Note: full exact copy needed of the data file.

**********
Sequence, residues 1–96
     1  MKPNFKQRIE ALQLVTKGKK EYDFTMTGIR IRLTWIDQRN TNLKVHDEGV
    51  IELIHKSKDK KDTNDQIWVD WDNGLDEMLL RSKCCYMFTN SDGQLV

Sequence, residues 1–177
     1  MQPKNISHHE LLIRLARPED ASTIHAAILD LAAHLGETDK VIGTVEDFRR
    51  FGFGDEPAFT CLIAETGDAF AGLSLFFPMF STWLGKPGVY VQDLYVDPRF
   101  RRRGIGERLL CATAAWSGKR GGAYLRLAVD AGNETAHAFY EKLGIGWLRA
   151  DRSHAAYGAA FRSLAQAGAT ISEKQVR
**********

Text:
Sequence, residues 1–96
     1  MKPNFKQRIE ALQLVTKGKK EYDFTMTGIR IRLTWIDQRN TNLKVHDEGV
    51  IELIHKSKDK KDTNDQIWVD WDNGLDEMLL RSKCCYMFTN SDGQLV

Sequence, residues 1–177
     1  MQPKNISHHE LLIRLARPED ASTIHAAILD LAAHLGETDK VIGTVEDFRR
    51  FGFGDEPAFT CLIAETGDAF AGLSLFFPMF STWLGKPGVY VQDLYVDPRF
   101  RRRGIGERLL CATAAWSGKR GGAYLRLAVD AGNETAHAFY EKLGIGWLRA
   151  DRSHAAYGAA FRSLAQAGAT ISEKQVR